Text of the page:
Supporting Economic Recovery
The year 2021 opened with renewed hope for an improved economic environment as a result of an initial slowdown of the COVID-19 pandemic. Nonetheless, this trend and the related optimism were later reversed as a new wave of the pandemic ravaged the country, bringing with it record high numbers of infections and deaths. Like other countries, Uganda continued to experience varied social and economic effects from this pandemic during the year 2021, with several economic activities and enterprises, particularly those in the tourism and education sectors bearing the brunt of these effects. Throughout this period, the Bank continued to play its pivotal role in facilitating economic recovery.
UDB continued to implement credit accommodations to its customers especially those directly distressed by the COVID-19 pandemic, to guarantee the survival of these enterprises beyond the pandemic. To this end, the Bank deferred repayments on Ushs 172.5 Billion on its portfolio. The Bank also disbursed Ushs 428 Billion in new funding to various enterprises, thereby availing liquidity within the economy to facilitate varied economic activities. Additionally, under its interventions dubbed the “Special Programs”, the Bank launched specialized lending products specifically aimed at addressing constraints to credit access by the underserved segments including the youth, women and SMEs.
These products are complemented by the UDB Business Accelerator for Successful Entrepreneurship (BASE) Program through which the Bank provides business development and advisory services, whose purpose is to support informal enterprises to formalize, support credit-readiness as well as improved business operations for the enterprises enrolled onto the program – through capacity building interventions including training in financial management, book keeping, regulatory compliance, governance, among others. The Bank remains committed to providing relevant financial and non-financial interventions that support the private sector to be vibrant and sustainable, and to continue making its mark on building a sustainable economy. Click here for full details
The bank in 2020 approved a total loan value of Ugx 444Billion toward 75 projects spread across the country. These projects, upon full implementation, are expected to create 57,234jobs, generate output value of Ugx 3,785Billion, contribute taxes amounting to Ugx 749Billion and generate Ugx 1,138Billion in foreign exchange earnings.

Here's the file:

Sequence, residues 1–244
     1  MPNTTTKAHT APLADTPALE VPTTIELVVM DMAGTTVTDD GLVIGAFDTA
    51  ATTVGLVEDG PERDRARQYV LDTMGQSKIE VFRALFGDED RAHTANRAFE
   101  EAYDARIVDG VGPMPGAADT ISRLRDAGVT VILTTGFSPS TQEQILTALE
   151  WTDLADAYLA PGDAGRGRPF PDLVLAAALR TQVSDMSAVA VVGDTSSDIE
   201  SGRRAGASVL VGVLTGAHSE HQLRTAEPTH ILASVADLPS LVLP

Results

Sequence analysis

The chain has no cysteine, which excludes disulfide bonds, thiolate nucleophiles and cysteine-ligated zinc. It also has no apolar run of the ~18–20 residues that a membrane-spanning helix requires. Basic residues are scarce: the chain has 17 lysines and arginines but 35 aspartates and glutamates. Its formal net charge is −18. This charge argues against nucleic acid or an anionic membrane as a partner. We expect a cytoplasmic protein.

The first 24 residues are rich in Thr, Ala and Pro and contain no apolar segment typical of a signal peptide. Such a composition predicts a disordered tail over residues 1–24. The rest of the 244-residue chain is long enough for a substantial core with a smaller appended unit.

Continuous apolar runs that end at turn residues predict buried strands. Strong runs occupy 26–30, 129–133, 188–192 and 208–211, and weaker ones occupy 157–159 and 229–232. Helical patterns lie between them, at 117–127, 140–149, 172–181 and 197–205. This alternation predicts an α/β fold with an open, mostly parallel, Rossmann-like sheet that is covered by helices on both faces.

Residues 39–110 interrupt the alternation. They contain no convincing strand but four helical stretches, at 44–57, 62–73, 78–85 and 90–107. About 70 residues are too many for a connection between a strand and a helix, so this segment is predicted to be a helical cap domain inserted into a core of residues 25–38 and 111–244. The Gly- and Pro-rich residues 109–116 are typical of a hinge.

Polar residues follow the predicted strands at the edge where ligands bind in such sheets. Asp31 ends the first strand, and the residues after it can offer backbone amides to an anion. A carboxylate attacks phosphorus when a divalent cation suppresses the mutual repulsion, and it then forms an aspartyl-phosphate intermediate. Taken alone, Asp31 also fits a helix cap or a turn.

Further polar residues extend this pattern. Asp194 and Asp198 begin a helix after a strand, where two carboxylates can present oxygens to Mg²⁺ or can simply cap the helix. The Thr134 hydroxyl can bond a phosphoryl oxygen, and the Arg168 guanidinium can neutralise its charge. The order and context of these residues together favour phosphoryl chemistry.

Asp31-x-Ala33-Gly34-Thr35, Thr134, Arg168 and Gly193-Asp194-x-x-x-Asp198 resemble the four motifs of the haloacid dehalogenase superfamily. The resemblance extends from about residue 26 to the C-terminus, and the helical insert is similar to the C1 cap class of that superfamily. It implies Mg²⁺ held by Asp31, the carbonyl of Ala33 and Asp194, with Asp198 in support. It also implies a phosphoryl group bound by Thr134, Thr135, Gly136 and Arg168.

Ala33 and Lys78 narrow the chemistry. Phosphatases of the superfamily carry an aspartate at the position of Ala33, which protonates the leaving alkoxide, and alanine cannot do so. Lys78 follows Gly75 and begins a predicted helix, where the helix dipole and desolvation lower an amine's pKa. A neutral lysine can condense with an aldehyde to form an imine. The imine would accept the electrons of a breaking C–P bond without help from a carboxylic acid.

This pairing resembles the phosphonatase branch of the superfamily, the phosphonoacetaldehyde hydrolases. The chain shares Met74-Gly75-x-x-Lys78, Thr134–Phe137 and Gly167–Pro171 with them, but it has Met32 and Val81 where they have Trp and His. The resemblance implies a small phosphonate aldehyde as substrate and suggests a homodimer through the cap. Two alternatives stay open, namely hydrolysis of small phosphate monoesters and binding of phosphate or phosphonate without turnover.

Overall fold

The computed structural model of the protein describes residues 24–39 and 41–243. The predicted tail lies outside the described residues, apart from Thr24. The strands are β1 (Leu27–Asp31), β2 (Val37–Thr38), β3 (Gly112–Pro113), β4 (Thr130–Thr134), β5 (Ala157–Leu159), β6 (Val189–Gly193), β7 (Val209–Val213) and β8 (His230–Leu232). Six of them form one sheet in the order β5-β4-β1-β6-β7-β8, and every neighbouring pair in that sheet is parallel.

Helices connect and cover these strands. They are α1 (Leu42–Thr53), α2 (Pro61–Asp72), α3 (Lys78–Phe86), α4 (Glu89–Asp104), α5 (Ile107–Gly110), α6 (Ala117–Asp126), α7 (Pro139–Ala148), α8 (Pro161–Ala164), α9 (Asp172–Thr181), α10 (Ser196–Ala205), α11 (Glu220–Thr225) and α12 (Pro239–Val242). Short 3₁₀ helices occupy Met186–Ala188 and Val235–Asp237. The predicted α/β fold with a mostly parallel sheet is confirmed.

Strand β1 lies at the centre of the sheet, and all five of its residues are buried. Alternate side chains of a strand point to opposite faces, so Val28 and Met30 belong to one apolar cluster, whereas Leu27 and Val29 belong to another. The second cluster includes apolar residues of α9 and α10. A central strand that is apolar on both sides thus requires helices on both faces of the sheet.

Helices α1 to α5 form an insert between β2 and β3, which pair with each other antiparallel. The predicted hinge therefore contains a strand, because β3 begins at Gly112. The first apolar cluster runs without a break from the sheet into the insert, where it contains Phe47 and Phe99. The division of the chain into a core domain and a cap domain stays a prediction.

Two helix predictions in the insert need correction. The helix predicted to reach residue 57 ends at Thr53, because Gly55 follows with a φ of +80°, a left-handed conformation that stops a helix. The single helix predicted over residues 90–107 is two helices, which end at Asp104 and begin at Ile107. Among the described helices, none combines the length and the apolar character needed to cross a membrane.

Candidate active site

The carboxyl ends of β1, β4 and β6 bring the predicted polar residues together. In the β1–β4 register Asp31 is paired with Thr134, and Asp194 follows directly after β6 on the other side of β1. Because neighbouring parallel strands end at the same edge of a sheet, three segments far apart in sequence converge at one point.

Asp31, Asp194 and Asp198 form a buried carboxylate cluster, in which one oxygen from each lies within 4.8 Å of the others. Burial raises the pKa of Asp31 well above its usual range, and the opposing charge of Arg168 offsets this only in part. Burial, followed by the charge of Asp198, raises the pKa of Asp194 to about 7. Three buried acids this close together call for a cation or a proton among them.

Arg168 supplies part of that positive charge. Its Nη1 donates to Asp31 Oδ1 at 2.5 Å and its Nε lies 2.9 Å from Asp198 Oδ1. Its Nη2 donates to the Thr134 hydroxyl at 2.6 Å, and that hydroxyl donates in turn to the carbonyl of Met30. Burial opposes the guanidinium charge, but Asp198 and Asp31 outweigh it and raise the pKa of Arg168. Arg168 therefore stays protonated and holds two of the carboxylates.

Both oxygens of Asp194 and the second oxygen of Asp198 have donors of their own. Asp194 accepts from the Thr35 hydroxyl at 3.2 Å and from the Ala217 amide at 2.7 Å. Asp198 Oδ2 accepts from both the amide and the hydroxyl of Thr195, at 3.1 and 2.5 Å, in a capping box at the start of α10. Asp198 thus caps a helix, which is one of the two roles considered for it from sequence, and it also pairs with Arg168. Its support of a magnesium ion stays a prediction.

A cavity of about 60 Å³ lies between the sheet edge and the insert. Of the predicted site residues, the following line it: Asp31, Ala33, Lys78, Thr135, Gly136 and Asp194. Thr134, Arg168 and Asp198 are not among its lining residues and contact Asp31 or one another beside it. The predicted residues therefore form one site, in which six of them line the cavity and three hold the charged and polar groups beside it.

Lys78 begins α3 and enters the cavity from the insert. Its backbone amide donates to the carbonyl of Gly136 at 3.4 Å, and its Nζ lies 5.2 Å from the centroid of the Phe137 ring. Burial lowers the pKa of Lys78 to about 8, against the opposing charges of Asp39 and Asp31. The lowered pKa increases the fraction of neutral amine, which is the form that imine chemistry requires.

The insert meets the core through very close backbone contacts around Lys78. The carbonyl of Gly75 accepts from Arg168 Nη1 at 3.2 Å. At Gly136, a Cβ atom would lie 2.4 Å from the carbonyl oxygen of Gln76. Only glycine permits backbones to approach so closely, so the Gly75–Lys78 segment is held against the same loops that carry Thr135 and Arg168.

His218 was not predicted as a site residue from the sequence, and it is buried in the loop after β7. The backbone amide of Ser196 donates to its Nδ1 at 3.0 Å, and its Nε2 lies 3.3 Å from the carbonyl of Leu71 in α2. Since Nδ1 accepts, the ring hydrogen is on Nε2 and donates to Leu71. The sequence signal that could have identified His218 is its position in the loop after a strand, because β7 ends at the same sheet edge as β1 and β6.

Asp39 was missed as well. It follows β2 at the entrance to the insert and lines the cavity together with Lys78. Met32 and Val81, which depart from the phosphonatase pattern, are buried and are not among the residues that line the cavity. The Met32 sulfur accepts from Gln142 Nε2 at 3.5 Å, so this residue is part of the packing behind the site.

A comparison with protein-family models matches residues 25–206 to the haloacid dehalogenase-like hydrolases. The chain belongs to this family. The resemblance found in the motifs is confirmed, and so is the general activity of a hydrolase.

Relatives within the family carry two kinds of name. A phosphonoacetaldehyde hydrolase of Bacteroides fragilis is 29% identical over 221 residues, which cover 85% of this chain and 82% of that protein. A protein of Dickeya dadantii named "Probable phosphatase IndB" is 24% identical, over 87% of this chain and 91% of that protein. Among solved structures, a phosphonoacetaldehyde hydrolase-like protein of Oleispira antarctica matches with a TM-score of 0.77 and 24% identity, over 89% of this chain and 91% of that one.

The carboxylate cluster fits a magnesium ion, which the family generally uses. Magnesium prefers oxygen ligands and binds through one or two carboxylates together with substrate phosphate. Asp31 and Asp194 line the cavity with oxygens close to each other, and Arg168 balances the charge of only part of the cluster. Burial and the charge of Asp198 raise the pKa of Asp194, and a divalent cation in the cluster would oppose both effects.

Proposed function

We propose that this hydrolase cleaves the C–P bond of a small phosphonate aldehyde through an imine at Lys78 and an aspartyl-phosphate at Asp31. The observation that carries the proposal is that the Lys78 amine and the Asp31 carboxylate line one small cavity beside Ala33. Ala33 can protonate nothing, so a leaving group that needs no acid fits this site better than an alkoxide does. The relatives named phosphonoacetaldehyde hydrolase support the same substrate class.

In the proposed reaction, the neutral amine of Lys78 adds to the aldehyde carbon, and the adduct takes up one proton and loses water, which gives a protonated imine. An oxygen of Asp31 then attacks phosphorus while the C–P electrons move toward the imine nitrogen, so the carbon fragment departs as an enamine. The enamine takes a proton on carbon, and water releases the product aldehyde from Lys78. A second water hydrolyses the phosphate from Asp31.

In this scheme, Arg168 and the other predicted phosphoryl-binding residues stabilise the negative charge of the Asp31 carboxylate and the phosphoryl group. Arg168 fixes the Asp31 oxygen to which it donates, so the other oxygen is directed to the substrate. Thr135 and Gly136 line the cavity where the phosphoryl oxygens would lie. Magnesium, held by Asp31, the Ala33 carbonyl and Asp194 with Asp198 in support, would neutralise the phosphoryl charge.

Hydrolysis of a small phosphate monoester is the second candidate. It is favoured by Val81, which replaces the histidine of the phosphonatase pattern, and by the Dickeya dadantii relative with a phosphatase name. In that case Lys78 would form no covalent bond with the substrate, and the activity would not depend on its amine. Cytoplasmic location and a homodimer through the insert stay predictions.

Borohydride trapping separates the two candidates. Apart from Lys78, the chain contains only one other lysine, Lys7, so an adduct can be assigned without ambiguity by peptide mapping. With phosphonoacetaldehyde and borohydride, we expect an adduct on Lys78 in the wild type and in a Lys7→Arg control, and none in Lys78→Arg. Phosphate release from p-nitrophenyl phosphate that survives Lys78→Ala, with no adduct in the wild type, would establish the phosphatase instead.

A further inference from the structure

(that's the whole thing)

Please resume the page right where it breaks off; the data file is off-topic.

- Despite the COVID19 crisis 24,013 jobs were created/maintained amongst the enterprises that the bank financed. This is down from 28,313 jobs in 2019.
- The total contribution to government tax revenue by companies financed by the bank amounted to Ugx160.1Billion, growing by 12% from Ugx141.7%Billion in 2019.
- The annual output value for companies financed by the bank witnessed a 38% growth, supported by improved production mainly in agriculture and industry.
- Profitability of the businesses financed by the Bank totaled to Ugx409.4Billion.
*Conversely, there was a 50% decline in export earnings during the year, yielding at Ugx175.4Billion – the drivers being the marked reduction in forex earnings for businesses engaged in tourism and hospitality, and manufacturers opting to either scale back production for export or to produce mainly for the local market during the lockdown.
Jobs created /maintained were 24,013, 33% (or 7,859jobs) were held by females. Similarly, women held 34% representation in the shareholding, board and senior management structures of the companies funded; 23 jobs were occupied by persons living with disability.
Number of people lifted out of poverty.
5,275 people were lifted out of poverty during the year and from the Bank’s interventions i.e., they started to earn incomes above the poverty line (US$1.90 per day).
The average yield per acre for cereal improved by 4% to 1,610Kgs while the value of industrial output improved from Ugx410.9Billion to Ugx1,520.7Billion.
Please see pie charts for employment and tax contributions below to be placed with content
In 2019, UDB generated socio-economic development through funding of various projects across the country.
Annual turnover of firms increased by 3% from UGX 1.738Tn in 2018 to UGX 1.795Tn in 2019. Profitability of enterprises supported increased by 10% from UGX 161Bn in 2018 to UGX 177Bn in 2019. Foreign exchange earnings for the economy increased by 17% from US$ 81M in 2018 to US$95M in 2019.
To further boost government efforts towards domestic revenue mobilization, enterprises supported by UDBL registered 6% increase in tax contribution from UGX 133Bn in 2018 to UGX 141Bn in 2019.
The level of employment increased by 18%, an upsurge from 23,970 in 2018 to 28,313 in 2019. This implies that 4,343 new jobs were created by enterprises financed by UDB.